Then there was the obstacle of actually knowing people well enough to ask them for a tape. I remember one friend whose brother was particularly stingy- you had to pass some subtle test of approval before he would knock you up a copy (I somehow passed this test and got my C90 back with XTC’s White Music).Others were more accessibility minded and circulated tapes in the hopes of drawing proselytes to follow their favoured bands. It was in this way that I came to be an avid follower of some groups that would otherwise have remained far off my radar.
Living in the provinces some of the music I heard on Peel was hard to get, and I would look at my inky old copies of NME and yearn for the tantalizingly recent past when the rarities I longed for were still relatively accessible. On the other hand, many assured ‘classics’ just didn’t do it for me- a phenomenon that persists to this day.
When I actually began to collect records home tapes were no substitute for the actual thing: the records and sleeves as objects attained an importance as great as that of the music itself- in these cases a home tape was no more than an unsatisfactory blurred snapshot of a breathtaking scene. Oh those exquisite albums played on expensive hi-fis in centrally heated bedrooms where the speakers gave a satisfying hum before the complex and perfectly balanced arm dropped onto the pristine disc…
By the time I got to college I was buying records regularly- I had a good collection of anarcho punk records and did my own share of home tape proselytizing- but surviving on £18 a week after rent my income was hopelessly inadequate when it came to slaking my thirst for punk and its emerging subsidiary genres. Many of the records on my wish list were already, by 1983, exceedingly rare and pricy.
Home taping to the rescue. A local punk of renown had what amounted to a definitive library of alternative music since 1975, and I would return home from his house exhilarated as a couple of red labelled cassettes rattled in the pocket of my donkey jacket. In time I tracked down many of the records he taped for me- some I’m still after.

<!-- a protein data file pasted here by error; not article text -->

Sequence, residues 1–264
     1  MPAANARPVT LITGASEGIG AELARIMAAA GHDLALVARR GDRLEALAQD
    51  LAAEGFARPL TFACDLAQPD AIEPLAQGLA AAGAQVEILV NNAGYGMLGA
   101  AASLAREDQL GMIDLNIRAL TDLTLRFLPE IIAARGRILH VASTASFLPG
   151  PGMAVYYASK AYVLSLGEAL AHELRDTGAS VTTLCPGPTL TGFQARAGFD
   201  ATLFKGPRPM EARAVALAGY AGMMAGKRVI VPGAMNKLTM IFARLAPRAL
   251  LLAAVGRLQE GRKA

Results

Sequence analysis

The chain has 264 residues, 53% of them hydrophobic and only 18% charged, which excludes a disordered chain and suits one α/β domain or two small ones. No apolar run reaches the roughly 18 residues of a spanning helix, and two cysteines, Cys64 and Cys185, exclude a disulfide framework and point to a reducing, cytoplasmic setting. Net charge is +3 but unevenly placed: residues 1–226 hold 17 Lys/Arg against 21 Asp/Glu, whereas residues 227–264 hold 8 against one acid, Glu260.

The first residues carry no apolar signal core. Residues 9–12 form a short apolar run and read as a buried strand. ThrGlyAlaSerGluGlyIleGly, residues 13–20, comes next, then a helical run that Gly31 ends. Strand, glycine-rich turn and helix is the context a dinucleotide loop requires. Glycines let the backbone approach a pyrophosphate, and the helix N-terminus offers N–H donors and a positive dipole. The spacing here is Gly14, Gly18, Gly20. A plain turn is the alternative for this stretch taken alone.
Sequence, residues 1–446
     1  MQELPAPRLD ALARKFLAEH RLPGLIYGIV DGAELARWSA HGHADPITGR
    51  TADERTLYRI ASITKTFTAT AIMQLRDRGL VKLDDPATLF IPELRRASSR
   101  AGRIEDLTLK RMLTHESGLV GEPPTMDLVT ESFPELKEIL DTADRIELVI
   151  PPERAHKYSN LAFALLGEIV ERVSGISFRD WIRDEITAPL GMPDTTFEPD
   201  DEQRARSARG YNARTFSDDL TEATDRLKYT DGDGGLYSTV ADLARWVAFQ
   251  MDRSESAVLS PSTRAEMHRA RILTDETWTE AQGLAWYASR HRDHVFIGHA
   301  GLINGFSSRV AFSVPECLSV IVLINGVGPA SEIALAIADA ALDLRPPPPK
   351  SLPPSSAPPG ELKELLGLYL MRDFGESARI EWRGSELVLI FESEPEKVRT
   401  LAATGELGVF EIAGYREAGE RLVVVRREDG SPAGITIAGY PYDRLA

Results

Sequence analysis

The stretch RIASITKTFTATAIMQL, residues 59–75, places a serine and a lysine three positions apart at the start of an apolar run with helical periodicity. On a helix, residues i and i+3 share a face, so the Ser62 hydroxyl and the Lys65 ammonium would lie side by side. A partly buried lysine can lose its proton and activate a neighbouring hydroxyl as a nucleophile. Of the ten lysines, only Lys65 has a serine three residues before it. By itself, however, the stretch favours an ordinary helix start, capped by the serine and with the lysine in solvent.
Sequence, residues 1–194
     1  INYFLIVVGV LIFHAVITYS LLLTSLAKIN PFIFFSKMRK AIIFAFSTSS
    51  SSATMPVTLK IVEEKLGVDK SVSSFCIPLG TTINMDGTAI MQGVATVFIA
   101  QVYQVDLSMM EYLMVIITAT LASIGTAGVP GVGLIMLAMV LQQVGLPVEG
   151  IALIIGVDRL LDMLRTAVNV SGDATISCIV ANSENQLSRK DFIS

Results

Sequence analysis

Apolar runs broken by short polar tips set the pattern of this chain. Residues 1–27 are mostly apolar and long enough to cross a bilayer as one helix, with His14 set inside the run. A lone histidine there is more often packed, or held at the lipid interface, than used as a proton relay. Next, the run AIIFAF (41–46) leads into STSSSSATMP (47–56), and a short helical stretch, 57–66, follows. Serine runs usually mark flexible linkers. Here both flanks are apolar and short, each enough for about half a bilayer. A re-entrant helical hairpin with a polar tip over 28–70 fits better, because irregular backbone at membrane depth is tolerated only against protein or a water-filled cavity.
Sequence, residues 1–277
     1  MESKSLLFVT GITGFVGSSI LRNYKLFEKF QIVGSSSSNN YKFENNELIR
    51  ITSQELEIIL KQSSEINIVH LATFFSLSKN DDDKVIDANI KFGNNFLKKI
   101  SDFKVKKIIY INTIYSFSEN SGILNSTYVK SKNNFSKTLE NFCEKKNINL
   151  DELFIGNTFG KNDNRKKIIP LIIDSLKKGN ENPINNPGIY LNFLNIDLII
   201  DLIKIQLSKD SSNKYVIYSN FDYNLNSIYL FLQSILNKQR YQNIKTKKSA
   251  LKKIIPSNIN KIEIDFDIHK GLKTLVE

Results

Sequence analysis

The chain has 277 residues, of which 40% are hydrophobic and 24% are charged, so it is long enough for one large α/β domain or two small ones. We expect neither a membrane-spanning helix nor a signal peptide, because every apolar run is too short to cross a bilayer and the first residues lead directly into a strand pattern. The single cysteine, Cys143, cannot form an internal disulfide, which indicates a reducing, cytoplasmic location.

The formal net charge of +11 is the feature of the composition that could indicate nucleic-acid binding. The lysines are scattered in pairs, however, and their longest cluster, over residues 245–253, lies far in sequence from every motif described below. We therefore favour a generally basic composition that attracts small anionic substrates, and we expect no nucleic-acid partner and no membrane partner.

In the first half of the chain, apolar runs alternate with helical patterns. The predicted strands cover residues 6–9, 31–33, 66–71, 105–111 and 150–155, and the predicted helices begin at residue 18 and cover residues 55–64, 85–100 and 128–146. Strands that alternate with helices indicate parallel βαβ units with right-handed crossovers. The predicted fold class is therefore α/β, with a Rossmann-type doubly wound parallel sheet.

When I fell into the working world in the mid eighties I again was exposed to a great broadening of my musical experience. One friend had a tremendous collection of obscure and limited independent releases from which he pieced together his eagerly awaited psychotic compilations- another was an audiophile who has roomfuls of vinyl that reeked of authenticity.
By the nineties I had a substantial collection and again proselytized, knocking out tapes in the hope of enlightening friends and colleagues whose taste I thought dubious.
If I could have once more that long lost suitcase that I mentioned in a previous post I would find that it contained demos of friends’ bands, a fair number of tapes that were of rarities that I had little hope of ever tracking down, a large number of tapes that I had been given by people eager to influence my tastes but that I might have listened to, unimpressed, only a handful of times, and an equally large number of much loved almost worn out tapes of bands that I might not otherwise have ever heard, but got into and whose work I went on to collect, where available, in its ‘legitimate’ form.